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A radio repeater is air-lifted to Cat Mountain in a Pima County. Repeaters include the pole, enclosure, solar panel, regulator, battery, cabling, and antenna. Photo: Richard Sloan.
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    Identifying alarm conditionsWastewater plant operators are notified of a blockage after seven consecutive violations sound. Source: Richard Sloan

In addition to the hardware costs above, plan on:

  • Internal and external development costs (engineering, programming, etc.)
  • Budgeting long term for repair/ replacement cost of components
  • Budgeting and training for on-call personnel to screen alarms prior to dispatching field crews
  • Funding and training a dedicated crew to maintain components.

With an initial cost of $350,000 ($100,000 from the capital and operations and maintenance budgets funds the system's annual operation), the system's total cost is expected to top out at $1.2 million.

Remote conversations

Hardware and software work together to gather and transmit data.

Because Pima County's Wastewater Management Department is one-third of the way through its program to implement systemwide remote monitoring, it's continually installing new equipment. To ensure resident buy-in, the department notifies home owners of when they'll be on their property and how the system works.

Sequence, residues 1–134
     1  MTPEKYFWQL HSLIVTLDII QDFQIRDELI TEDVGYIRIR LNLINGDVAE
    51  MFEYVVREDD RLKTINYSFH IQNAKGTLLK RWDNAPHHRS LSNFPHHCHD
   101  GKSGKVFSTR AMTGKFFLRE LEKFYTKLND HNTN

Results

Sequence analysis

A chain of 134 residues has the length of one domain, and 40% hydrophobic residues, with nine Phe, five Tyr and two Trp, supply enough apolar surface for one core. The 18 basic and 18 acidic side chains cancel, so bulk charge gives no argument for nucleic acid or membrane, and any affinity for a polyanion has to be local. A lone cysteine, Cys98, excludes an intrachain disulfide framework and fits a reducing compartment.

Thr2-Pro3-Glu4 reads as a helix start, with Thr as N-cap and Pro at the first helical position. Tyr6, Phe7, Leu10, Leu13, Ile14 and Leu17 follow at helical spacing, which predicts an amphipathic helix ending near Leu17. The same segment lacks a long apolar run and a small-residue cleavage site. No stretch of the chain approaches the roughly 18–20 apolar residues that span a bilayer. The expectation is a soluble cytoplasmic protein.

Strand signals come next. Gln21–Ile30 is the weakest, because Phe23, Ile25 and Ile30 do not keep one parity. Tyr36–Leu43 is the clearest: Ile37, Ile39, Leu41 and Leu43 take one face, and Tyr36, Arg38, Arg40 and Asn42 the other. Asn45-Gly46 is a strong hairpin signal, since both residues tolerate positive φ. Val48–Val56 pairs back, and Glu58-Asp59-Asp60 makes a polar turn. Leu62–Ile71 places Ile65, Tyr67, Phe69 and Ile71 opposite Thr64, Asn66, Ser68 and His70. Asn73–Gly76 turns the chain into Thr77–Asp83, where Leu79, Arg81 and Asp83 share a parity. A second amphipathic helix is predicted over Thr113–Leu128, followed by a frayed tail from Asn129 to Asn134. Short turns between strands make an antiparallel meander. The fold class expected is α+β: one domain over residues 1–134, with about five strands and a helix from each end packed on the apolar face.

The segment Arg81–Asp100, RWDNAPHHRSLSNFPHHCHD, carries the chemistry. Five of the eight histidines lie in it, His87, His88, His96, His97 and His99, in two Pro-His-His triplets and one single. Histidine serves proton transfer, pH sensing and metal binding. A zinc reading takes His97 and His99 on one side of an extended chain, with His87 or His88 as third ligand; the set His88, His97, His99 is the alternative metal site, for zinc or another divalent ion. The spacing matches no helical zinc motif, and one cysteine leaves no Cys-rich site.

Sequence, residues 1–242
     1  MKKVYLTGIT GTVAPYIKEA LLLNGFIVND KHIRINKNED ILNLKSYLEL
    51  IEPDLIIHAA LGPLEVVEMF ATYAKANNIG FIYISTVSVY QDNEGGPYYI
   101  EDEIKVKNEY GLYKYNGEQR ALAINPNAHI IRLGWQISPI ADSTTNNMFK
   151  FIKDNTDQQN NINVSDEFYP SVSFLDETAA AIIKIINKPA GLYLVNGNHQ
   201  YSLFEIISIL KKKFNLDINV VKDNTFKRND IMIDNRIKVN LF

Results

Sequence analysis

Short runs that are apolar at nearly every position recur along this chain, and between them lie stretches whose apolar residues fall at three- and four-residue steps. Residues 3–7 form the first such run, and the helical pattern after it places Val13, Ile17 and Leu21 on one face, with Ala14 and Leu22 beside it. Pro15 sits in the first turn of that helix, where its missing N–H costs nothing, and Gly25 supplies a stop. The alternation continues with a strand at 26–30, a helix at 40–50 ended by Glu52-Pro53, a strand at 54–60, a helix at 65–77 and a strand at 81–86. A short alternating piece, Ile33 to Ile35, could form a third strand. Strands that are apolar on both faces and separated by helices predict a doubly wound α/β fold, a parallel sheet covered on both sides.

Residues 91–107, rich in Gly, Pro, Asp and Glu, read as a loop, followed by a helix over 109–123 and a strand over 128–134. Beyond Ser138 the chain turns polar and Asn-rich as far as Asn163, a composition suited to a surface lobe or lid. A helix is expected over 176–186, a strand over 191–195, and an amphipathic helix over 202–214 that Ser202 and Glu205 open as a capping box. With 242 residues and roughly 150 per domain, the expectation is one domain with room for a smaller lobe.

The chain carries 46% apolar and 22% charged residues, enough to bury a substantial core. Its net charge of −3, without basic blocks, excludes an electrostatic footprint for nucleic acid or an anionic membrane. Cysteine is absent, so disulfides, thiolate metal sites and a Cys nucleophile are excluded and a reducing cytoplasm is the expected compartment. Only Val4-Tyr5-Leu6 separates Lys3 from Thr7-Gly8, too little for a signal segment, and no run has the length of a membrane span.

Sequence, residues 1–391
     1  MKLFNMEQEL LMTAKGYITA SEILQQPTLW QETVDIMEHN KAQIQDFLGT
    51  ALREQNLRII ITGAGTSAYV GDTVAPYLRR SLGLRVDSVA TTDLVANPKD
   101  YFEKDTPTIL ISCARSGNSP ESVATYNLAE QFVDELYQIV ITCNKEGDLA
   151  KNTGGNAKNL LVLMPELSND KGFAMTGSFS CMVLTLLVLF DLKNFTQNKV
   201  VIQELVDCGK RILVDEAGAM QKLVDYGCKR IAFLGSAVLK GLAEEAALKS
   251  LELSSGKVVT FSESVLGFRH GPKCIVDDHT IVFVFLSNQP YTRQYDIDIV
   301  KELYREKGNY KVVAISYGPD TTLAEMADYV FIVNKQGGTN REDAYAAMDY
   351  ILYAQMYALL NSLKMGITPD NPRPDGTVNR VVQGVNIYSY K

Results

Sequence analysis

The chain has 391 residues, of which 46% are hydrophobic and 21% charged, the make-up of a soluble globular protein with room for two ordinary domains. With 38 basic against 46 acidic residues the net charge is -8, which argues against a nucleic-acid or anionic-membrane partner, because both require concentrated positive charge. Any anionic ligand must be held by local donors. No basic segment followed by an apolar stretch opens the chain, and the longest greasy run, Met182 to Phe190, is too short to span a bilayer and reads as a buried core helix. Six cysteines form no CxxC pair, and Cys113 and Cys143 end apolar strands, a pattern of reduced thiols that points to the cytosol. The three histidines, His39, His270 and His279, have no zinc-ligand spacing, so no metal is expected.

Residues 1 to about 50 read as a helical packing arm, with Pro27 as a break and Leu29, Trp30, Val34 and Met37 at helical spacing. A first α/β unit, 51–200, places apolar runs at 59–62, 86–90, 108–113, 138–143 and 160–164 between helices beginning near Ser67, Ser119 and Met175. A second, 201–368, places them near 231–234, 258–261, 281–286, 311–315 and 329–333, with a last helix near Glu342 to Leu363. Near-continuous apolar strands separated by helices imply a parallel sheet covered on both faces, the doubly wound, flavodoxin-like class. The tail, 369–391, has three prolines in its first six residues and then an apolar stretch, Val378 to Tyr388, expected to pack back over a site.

The remote equipment is solar-powered and communicates via unlicensed 900 MHz spread spectrum radios. Fast Ethernet TCP/IP maximizes bandwidth and enhances security over the communication link.

The only remote equipment that can't be easily shown to residents is the actual metering equipment, which is placed in the sewer pipe below grade. Radio repeaters are needed whenever the distance between radios exceeds 25 miles or line-of-sight requirements between them are interrupted. In large metropolitan areas with many buildings, you may not be able to use this system with the 900 MHz radio since line-of-sight may be limited.

By the time its system is fully installed, Pima County could have more than 100 monitoring locations, though that target number will increase as its population continues to grow.

— Sloan is a licensed chemical engineer based in Oro Valley, Ariz.